The N.T. is filled with “one another” commands – also called “reciprocal commands.” These commands instruct us on how we should relate to the body of Christ.
The command to love one another is mentioned 17x in the N.T. (John 13:8, 34-35; 15:12, 17; Rom 12:10; 13:8; I Thess 3:12; 4:9; I Pet 1:22; 4:8; I John 3:11, 23; 4:7, 11-12; II John 5).
The foundational virtue of Christianity and summary of our entire Christian responsibility is love (Matt 22:34-39) and all of what we seek to accomplish in the Christian life is meaningless without biblical love (I Cor 13:1-3). Even Jesus adds that our love for one another is meant to be one of the church’s most powerful tools for evangelism (John 13:34-35). Francis Schaeffer called it “the final apologetic.”
So can we best exemplify our love for each other? Here are some practical suggestions.
First, meditate on the love of God. If God is the source of all love, we ought to seek to understand how He loves, as much as we are able. It ought to be our desire to seek to understand the immeasurable love of God that surpasses all knowledge (Eph 3:18-19).
Second, show preference to others. Love is more concerned with what I can give than what I can get. Jesus set the example of humble love in the incarnation that eventually led Him to the cross (Phil 2:5-11).
Third, do not neglect to meet with other believers. The Bible says the purpose of our gatherings (e.g., services, small groups, prayer meetings, meals) is to stir up each other to love and good works (Heb 10:24-25). The local church is a laboratory for our love; it enables us to grow and mature it in the way Christ desires.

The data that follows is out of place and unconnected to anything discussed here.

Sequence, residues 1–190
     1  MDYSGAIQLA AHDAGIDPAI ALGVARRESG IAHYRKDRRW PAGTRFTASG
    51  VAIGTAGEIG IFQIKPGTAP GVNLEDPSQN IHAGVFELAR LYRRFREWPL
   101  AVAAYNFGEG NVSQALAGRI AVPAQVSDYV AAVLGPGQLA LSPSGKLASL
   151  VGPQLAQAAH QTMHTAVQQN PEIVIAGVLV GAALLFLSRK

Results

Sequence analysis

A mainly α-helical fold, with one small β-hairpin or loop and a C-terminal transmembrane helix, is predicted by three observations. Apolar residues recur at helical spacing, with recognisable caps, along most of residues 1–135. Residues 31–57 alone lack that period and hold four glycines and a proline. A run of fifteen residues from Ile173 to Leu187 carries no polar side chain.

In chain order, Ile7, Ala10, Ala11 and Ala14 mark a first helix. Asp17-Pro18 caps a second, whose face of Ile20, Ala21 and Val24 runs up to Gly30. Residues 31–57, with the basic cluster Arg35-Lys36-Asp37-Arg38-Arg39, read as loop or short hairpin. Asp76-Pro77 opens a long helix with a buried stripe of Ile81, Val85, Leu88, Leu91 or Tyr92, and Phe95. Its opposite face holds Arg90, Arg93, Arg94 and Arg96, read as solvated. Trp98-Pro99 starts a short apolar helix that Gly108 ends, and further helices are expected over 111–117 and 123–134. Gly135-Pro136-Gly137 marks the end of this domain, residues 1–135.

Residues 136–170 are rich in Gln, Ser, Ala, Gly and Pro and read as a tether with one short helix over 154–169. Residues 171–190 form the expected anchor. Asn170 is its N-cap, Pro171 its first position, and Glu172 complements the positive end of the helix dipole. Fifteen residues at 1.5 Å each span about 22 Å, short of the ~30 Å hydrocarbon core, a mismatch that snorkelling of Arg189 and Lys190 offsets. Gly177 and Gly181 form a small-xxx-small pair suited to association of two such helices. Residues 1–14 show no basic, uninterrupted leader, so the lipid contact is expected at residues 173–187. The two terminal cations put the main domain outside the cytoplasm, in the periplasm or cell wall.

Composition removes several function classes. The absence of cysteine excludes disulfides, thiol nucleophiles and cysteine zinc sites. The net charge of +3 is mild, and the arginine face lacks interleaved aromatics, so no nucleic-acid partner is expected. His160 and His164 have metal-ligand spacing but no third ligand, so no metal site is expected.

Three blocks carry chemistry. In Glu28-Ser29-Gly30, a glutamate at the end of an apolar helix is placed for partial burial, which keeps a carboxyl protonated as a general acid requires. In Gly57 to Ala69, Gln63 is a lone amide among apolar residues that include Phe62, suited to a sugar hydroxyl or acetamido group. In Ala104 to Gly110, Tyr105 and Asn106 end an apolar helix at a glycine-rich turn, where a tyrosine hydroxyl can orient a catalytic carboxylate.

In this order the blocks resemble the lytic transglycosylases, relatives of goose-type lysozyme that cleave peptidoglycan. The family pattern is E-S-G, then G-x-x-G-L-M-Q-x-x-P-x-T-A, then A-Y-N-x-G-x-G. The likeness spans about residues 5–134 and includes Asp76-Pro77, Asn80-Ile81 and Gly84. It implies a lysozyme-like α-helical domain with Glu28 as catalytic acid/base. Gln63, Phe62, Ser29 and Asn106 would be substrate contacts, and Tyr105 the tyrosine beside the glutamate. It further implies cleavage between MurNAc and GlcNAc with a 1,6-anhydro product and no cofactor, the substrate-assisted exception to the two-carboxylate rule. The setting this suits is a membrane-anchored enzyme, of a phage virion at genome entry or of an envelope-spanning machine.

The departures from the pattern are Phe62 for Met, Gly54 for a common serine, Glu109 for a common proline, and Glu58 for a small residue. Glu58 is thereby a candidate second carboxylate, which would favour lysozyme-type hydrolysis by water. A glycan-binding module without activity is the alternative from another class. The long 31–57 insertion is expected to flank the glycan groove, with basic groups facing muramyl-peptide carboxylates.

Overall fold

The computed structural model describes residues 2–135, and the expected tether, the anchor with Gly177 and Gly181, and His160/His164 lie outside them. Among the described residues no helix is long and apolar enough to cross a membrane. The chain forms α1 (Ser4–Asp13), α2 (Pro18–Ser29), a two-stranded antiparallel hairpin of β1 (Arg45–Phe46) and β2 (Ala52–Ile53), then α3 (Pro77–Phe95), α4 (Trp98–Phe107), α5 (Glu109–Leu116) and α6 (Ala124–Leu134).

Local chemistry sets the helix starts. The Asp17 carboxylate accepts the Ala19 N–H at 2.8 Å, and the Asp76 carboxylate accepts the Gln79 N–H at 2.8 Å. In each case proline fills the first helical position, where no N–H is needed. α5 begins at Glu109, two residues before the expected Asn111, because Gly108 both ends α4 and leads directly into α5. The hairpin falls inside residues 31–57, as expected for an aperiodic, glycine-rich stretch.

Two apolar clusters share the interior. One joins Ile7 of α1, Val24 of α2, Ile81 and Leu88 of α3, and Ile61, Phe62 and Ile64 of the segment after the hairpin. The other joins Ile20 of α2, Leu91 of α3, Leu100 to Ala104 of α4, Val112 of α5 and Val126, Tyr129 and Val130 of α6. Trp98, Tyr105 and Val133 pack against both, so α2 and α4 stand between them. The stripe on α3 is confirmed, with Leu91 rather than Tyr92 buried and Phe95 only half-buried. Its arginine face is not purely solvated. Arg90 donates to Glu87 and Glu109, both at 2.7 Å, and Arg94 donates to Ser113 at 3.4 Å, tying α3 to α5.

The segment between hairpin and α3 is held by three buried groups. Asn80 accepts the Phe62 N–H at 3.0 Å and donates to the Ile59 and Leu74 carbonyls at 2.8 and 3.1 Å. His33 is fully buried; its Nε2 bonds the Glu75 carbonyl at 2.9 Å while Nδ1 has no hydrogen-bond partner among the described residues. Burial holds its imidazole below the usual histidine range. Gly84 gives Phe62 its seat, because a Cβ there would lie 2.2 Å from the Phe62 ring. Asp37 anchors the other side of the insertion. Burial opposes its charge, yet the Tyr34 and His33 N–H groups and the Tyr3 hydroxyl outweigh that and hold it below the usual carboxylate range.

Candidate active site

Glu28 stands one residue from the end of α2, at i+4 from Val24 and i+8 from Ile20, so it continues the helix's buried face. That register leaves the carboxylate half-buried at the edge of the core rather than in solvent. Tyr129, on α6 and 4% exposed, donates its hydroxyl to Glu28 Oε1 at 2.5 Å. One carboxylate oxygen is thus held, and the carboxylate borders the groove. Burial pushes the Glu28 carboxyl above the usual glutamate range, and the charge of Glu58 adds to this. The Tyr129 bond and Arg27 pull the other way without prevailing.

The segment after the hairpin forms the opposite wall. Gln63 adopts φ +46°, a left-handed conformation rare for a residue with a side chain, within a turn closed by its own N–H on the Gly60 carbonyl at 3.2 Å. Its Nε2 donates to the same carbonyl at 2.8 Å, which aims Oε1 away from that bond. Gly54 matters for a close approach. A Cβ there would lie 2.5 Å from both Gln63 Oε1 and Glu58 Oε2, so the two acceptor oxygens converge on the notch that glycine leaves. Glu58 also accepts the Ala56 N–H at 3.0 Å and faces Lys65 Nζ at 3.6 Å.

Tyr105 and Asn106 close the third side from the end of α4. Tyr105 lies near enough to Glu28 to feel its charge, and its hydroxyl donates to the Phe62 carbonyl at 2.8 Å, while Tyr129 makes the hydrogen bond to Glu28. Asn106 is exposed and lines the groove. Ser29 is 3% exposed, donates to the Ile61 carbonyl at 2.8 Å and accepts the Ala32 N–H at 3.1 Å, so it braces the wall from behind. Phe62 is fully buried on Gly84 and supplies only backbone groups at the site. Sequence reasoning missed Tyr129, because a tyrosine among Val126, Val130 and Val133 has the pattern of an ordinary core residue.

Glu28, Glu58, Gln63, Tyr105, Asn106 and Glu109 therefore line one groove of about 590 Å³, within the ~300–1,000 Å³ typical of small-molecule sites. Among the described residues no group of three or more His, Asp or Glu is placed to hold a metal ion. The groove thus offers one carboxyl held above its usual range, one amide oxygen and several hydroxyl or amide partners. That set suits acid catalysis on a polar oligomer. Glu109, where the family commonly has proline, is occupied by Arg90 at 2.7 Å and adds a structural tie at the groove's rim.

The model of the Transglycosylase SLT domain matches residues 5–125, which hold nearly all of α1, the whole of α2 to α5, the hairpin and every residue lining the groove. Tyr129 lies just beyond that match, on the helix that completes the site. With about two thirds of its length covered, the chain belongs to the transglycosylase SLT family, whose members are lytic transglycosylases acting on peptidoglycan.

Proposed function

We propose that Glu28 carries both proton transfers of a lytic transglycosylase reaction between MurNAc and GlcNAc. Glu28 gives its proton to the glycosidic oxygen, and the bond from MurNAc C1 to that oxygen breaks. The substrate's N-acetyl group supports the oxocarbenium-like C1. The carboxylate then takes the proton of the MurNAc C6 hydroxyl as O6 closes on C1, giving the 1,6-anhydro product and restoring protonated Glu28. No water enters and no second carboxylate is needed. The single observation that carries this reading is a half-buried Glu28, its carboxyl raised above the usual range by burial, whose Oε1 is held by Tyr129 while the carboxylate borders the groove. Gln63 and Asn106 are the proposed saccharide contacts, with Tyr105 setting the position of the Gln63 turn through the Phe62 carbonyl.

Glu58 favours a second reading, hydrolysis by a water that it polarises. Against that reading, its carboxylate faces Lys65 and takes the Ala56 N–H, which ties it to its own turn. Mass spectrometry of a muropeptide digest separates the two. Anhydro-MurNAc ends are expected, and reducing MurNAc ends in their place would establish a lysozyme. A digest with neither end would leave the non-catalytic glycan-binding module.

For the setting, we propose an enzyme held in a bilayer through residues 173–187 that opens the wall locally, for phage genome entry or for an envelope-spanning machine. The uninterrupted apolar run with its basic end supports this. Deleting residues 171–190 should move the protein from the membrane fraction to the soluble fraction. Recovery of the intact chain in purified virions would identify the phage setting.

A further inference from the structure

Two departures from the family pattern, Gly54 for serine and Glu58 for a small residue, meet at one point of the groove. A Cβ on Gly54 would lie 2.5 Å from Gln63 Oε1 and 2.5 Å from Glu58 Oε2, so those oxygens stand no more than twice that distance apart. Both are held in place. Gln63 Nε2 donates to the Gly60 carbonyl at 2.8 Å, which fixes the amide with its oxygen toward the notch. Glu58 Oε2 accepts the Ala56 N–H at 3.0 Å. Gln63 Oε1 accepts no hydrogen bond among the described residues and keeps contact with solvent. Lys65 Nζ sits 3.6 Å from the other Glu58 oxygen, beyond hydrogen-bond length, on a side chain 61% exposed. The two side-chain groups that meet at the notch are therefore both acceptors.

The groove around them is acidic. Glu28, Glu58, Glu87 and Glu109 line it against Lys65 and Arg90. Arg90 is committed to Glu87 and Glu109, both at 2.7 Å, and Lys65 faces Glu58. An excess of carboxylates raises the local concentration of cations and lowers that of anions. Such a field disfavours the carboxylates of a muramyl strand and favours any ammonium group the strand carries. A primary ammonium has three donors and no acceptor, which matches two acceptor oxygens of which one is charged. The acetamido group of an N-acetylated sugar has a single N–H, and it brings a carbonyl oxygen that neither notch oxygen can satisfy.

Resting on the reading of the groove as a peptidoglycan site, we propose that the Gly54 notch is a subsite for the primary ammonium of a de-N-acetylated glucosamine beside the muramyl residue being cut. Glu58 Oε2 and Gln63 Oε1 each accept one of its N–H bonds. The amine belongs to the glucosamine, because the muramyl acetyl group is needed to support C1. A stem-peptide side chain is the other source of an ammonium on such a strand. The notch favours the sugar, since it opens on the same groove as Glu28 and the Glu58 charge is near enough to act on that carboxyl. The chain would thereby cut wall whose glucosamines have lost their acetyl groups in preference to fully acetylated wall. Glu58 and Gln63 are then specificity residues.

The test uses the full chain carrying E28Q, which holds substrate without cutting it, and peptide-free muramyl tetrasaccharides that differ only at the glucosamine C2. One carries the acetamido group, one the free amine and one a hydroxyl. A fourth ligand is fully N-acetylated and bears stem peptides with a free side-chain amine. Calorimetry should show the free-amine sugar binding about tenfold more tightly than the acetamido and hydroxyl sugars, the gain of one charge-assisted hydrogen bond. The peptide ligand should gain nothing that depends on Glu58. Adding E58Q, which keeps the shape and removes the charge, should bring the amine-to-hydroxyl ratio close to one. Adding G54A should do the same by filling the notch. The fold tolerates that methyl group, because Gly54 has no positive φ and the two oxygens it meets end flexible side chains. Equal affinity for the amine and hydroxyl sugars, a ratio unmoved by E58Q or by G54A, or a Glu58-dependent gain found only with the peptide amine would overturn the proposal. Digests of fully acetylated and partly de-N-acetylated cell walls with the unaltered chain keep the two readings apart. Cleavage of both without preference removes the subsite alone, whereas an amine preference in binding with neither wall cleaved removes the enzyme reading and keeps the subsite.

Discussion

Fourth, identify those in your life toward whom you need to be more loving. Maybe it’s a family member or a co-worker or a neighbor or someone you attend church with. Target those people and make plans for how you are going to be more loving to them.
Fifth, love the “unlovely.” This is a hard one, but Jesus certainly set the standard for us here. Jesus was called the “friend of sinners” because he loved the unlovely (e.g., the socially awkward, the outcast, etc.). Find someone in your sphere of influence who doesn’t have the most friends and become their friend.
Sixth, serve as often as you can. Be one of the first to volunteer to serve the body of Christ when needs arise. Being a servant helps create in us a mindset of living for others and not ourselves, which is the heart of what it means to love others as God loves.
Seventh, practice the “one anothers.” The command to love one another is an “umbrella command.” This means it is a heading for all other “one anothers” in the Bible The most thorough “how to” we can recommend for how to love one another is to serve one another (Gal 5:13; 6:2), bear with one another (Eph 4:2, 9-10, 25, 32; 5:19, 21), prefer one another (Phil 2:3), speak truth and do not lie to one another (Col 3:9, 12-13, 16), encourage one another (I Thess 4:18; 5:11, 13, 15), exhort one another (Heb 3:13; 10:24-25), confess your sins to one another (Jas 5:16), and pray for one another (Jas 5:16).
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